I must fess up here: English is my second language. I grew up in Israel, and while it helped to have a mother who was American and gave me an American citizenship, my mother did not speak English to me. Except for the times she was so angry at me and English phrases got thrown in, it was Hebrew at home, on the street, and at school.
School was also where I learned English, beginning in fifth grade. I still remember some oddities from my formal introduction to the language, such as thinking the word young meant old. Or that the word stupid meant lazy. These could be remnants of hearing my mother’s raging and my not quite understanding, or some other muddle I no longer have conscious access to.
America- the land of dreams. I came to live in the country I did not know, but of which I was a citizen, when I was in my late teens. I sounded fluent and had good pronunciation, gratis of having an American parent. But my command of the written language was rather poor. You've heard of “high-school English?” That was about it.
Even before the language changeover, I was a writer. I had a short story published in Hebrew while still in high-school. Making the language switch was harder for writing than for passive understanding or casual speaking. I spent some years in transition- on the road between two languages, two sensibilities, two worlds.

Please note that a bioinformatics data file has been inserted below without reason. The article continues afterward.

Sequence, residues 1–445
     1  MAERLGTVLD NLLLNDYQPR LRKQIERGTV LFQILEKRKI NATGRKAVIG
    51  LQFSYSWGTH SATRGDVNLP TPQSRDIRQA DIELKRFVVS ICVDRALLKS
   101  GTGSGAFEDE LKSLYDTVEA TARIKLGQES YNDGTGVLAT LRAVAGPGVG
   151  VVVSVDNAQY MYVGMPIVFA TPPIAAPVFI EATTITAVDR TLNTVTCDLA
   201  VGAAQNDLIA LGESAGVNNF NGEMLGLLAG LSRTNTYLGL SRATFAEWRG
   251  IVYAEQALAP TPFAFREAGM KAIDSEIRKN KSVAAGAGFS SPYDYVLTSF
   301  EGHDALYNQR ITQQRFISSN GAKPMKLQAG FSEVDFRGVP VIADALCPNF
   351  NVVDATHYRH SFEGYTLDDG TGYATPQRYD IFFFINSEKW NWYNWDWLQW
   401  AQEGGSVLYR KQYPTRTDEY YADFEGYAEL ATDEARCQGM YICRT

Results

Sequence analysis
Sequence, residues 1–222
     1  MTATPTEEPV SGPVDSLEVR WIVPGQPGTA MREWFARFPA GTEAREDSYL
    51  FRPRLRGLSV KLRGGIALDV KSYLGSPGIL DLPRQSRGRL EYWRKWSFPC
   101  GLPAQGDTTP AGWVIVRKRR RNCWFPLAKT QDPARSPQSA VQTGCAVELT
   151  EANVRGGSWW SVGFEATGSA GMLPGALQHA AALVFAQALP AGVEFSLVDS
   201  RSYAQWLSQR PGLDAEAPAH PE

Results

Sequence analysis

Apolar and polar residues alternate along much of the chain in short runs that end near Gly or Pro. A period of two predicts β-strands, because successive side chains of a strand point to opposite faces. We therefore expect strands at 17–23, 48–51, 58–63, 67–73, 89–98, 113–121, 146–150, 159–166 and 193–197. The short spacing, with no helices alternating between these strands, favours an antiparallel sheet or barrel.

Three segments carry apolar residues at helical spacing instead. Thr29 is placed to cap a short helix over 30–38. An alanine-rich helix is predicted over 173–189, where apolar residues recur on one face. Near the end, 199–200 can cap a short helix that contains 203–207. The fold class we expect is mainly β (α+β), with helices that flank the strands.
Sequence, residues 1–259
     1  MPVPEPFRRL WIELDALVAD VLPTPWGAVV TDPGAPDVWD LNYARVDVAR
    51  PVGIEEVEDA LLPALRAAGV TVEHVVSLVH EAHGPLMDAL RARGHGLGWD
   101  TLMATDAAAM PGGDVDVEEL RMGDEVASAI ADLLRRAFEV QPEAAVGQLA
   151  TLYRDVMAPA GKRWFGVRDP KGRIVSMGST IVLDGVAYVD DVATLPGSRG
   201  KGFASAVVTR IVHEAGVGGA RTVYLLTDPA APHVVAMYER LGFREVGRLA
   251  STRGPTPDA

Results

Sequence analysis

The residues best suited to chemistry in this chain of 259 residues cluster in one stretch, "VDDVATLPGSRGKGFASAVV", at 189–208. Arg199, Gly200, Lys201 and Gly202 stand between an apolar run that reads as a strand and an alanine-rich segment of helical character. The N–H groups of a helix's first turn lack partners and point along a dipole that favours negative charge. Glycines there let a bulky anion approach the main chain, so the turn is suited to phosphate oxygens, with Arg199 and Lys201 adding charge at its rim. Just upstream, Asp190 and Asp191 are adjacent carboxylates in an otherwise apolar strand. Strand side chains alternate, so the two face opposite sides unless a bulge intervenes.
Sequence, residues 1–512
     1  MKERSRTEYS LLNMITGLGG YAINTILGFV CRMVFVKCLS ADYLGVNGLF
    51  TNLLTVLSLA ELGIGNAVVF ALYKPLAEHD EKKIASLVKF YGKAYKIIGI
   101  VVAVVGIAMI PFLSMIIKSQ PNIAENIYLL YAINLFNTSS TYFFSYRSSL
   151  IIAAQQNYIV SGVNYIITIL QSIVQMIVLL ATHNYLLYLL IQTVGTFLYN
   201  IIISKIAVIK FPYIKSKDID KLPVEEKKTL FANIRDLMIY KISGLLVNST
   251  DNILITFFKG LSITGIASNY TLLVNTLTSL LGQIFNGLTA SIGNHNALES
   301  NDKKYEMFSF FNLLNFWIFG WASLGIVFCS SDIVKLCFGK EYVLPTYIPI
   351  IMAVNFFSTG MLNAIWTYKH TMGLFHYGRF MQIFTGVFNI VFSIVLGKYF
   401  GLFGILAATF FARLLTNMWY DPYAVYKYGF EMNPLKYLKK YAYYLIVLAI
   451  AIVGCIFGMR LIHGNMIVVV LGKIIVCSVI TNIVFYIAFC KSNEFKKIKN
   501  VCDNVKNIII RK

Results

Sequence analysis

I was becoming more of one and less of the other, but wasn't fully in either. I was a storyteller. I just didn't have, you know, the words. Words, sentences, paragraphs. The building blocks. I don’t know when I attained the audacity to think that I had these tools of my second language and could use them effectively.
I read a NewYork Times (book section) discussion of published writers whose first language was not English. They all felt that, for all their challenges, they had something special to offer not in spite of but because of it. I wouldn't go that far, but then- I am not as successful as they are. I know that having lived elsewhere, (really lived and been a part of, not just stationed in or visiting) does give storytellers something natives don’t have. On the other hand, natives have something we never will- that deep and unwavering connection, psychically and linguistically, to their home base. So it’s a tie.
They say you raise your own kids either exactly as you were raised, or in reaction to it. I chose not to raise mine bilingual, because, to me, a foot in two worlds was not an advantage. I’m not right or wrong about this; it’s just my experience.
Words/sentences/paragraphs are just a part of this; it’s a mindset. I wanted my kids to be grounded and strongly identified. I did not want them to do the nervous dance I jitterbugged on tippy-toes, sometimes landing with a thud, barely navigating just-so between the arenas of a first and second language.
DS is now a Linguistics major, while DD excelled in Latin, French, and took up Italian on her own. But when they write stories, there’s little doubt that English it is, and Americans they are.